Subsequent to introduction of the ceramic precursor 36 into channel 32, the ceramic precursor 36 can be solidified, or cured, before removal of article 20 from the substrate surface 28. The curing step is generally carried out to partially or fully cross-link the ceramic precursor, or polymerize a precursor that can include monomeric or oligomeric species. In one embodiment, the thermal setting or curing temperature is greater than 100° C. In another embodiment, the ceramic precursor is cured chemically. When cured chemically, the curing step can be performed under an inert atmosphere and/or under a moisture free environment.
The article 20 can be removed by peeling article 20 off of the cured ceramic precursor 36. In an alternate embodiment, article 20 is removed from the cured ceramic precursor 36 by dissolving article 20. In a further embodiment, article 20 is dissolved using a solution containing a fluoride anion provided by compounds such as tetrabutylammonium fluoride. The cured ceramic precursor 36 can then be heated usually at a temperature greater than the thermal curing temperature. In an alternate embodiment, the cured ceramic precursor 36 can by heated without removing the article 20. It is during the heating step that two changes can occur to the cured ceramic precursor. First, the ceramic precursor undergoes a polymerization reaction. Second, the ceramic precursor will be pyrolyzed. As used herein, “pyrolyzation” means treatment of a ceramic precursor to reaction conditions, such as high temperature. Under these reaction conditions, a material which undergoes pyrolysis may have any one or a combination of any of solvent, gases, heteroatoms, and/or functional groups removed. In addition, ceramics which undergo pyrolysis may undergo a reorganization of the atomic matrix. After heating, the article 20 is removed from the heated ceramic precursor 36.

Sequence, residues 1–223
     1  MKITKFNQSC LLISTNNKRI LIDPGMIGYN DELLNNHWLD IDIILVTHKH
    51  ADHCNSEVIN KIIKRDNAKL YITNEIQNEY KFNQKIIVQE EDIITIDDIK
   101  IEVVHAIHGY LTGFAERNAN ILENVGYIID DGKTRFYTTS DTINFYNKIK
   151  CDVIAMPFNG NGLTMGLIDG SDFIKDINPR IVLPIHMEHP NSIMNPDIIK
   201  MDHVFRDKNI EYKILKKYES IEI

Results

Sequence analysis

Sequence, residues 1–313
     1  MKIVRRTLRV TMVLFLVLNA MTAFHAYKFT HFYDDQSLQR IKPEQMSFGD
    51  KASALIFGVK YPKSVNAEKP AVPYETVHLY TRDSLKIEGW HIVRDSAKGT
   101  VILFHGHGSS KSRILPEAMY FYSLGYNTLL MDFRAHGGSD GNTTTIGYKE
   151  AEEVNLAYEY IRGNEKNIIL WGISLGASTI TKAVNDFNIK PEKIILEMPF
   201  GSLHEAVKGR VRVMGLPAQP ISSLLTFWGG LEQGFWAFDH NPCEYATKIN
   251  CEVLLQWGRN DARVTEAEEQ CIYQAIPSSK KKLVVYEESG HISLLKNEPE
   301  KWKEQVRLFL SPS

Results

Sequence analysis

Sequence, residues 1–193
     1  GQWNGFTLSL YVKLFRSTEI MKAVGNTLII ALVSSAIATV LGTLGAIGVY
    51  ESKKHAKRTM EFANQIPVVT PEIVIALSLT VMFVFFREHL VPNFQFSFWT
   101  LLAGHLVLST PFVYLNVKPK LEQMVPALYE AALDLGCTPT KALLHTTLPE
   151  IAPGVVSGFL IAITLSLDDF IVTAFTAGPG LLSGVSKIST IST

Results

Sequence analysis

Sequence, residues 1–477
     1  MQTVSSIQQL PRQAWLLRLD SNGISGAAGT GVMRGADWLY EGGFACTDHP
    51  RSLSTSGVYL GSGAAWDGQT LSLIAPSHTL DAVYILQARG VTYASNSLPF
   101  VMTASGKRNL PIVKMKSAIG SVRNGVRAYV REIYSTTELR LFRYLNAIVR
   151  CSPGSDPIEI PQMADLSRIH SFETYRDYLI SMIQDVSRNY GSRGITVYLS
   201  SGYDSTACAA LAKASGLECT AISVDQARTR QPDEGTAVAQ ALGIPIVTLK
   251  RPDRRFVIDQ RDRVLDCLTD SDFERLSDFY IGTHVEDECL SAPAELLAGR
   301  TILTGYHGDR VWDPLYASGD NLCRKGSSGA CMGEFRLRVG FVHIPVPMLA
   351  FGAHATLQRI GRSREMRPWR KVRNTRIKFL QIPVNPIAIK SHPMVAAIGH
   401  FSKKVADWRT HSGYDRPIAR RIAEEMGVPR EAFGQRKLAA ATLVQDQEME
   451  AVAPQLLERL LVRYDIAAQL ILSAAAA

The pattern of parallel indentations 24 formed in the surface 22 of the article 20 is for illustrative purposes only. Any pattern, for example a pattern defined by a single indentation or many indentations, one or more of the indentations defining a non-linear pathway of uniform or non-uniform depth, is intended to fall within the scope of the invention. Various patterns are illustrated in subsequent figures. The indentation pattern can be of a variety of dimensions and, according to one aspect of the invention, includes a region having a dimension of less than 100 μm. The dimension can be a lateral dimension or vertical dimension. “Lateral dimension” is meant to define a dimension parallel to application surface 22. “Vertical dimension” is meant to define a dimension perpendicular to the surface. A lateral or vertical dimension can be a dimension of a feature that is a portion of an overall structure. That is, an overall structure could have a width of 5 millimeters parallel to the surface and a height of 5 millimeters relative to the surface, but include a ridge on the top of the structure of 75 μm height and 75 μm width. That sub-feature would, by definition, have a lateral dimension of 75 μm and a vertical dimension of 75 μm. According to preferred embodiments, the indentation pattern includes a portion having a dimension of less than about 100 μm, less than about 50 μm, less than about 30 μm, less than about 20, 15, 10, 5 or 1 μm. The dimension of the indentations can be altered by deforming the article 20.